State Capitol officers share security practices - NBC12.com - Richmond, VA News

State Capitol officers share security practices following Navy Yard shooting

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RICHMOND, VA (WWBT) -

As the nation's eyes turned to the Navy Yard shooting, area police officers were also watching closely. In fact - the police officers who protect Virginia's Capitol say they learn from tragedies to improve response on a local level.

Any crime you can imagine that happens in a city can happen right here at the capitol. Officers here are trained to respond to disorderly conduct, drunk drivers, and shootings. They're working around the clock to keep you safe.

The three police canines at the capitol police department have an important mission.

"Pretty much any type of explosive that's out in the real world today, our dogs are trained to detect them," says officer Sean Chaulklin.

Officers offered a demonstration where one canine searched for one of several bags packed with explosives.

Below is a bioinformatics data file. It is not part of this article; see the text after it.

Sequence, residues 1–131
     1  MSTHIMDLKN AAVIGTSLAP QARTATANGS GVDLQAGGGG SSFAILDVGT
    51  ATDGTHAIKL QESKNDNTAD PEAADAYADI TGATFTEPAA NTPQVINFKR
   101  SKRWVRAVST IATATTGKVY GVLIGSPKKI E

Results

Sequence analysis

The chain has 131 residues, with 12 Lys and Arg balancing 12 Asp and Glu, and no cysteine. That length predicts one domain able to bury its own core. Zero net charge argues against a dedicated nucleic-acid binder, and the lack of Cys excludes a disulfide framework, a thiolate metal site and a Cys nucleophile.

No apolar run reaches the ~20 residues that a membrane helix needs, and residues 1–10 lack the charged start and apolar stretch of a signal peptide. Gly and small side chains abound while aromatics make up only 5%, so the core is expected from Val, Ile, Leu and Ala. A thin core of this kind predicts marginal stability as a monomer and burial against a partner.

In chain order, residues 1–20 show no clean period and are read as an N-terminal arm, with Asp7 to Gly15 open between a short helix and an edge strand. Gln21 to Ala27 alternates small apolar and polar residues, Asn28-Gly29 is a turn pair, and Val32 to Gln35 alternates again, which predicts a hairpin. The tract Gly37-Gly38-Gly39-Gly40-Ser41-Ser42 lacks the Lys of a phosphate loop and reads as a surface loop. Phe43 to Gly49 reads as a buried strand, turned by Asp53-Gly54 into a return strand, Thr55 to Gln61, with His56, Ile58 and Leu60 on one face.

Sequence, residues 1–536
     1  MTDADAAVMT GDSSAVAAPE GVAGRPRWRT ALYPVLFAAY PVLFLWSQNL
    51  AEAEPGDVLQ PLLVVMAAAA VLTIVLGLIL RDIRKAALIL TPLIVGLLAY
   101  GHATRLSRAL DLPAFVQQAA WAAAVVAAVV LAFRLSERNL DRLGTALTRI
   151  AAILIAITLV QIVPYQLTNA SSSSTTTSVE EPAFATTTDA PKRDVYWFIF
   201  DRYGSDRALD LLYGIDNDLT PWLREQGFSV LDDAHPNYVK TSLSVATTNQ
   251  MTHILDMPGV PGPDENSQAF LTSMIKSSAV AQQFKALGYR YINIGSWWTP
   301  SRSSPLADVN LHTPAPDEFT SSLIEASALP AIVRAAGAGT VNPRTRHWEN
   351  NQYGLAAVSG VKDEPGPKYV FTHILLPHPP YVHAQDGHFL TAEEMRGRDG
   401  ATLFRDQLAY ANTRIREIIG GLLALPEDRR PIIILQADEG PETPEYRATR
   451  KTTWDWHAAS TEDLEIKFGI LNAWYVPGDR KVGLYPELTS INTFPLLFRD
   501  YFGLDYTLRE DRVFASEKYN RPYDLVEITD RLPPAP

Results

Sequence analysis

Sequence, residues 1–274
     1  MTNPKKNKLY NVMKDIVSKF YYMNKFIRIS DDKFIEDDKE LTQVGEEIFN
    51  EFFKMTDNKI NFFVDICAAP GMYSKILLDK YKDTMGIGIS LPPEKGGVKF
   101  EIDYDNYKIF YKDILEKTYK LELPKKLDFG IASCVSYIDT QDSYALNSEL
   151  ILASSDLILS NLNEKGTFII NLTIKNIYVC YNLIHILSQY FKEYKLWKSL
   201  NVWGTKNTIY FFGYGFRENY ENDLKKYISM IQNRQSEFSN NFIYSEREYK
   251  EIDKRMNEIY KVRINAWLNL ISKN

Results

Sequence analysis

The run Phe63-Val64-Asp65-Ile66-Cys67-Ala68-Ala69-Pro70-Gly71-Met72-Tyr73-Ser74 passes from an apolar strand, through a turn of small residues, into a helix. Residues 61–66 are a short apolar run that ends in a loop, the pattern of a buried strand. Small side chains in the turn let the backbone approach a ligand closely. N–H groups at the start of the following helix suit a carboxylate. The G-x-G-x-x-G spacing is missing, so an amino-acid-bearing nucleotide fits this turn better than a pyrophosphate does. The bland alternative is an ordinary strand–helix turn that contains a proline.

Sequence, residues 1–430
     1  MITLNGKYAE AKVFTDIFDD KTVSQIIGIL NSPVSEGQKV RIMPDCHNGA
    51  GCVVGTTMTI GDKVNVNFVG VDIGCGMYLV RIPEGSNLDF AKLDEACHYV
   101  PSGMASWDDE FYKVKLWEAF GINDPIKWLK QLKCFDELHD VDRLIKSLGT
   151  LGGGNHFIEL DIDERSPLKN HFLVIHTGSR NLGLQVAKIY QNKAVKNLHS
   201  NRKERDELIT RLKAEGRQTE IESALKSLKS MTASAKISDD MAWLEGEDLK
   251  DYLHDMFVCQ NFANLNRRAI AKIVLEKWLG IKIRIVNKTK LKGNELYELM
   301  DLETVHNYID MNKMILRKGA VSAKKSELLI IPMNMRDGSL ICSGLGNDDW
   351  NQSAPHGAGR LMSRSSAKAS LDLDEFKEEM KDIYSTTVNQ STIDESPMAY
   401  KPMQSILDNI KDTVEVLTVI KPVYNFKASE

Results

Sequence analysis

"Once they get an odor, they're trained to sit. That's their response and they'll get their toy from there," Chaulklin said.

It didn't take long for the canine to make the discovery.

It's just one of the many resources on hand as capitol officers fight crime.

"We have large crowds of people who come to the capitol, visitors, a lot of school groups, so we have a lot of people moving through this complex," said Col. Steve Pike.

The police department oversees security guards on site who screen every visitor who enters. Officers are assigned to monitor surveillance of the 12 acre premises. Bike patrols help officers get to a scene quickly - even making traffic stops as they see the need and critical incident gear is ready to go for emergencies.

"We always want to be prepared in the event some unfortunate scenario may unfold here," Col. Pike added.

Monday's Navy Yard tragedy taught this team of first responders valuable lessons.

"We're constantly watching what occurs across the country so we can stay ahead of it the best we can in case unfortunately something like that happened," Pike said.

Right now the capitol police division has about 70 officers on board but come next month that number will jump to 80. It's an important announcement officers say, as they work to keep security and enforcement at the forefront.

Col. Pike says many of his officers are also trained as EMTs so that they can quickly respond to a medical emergency as soon as it happens.

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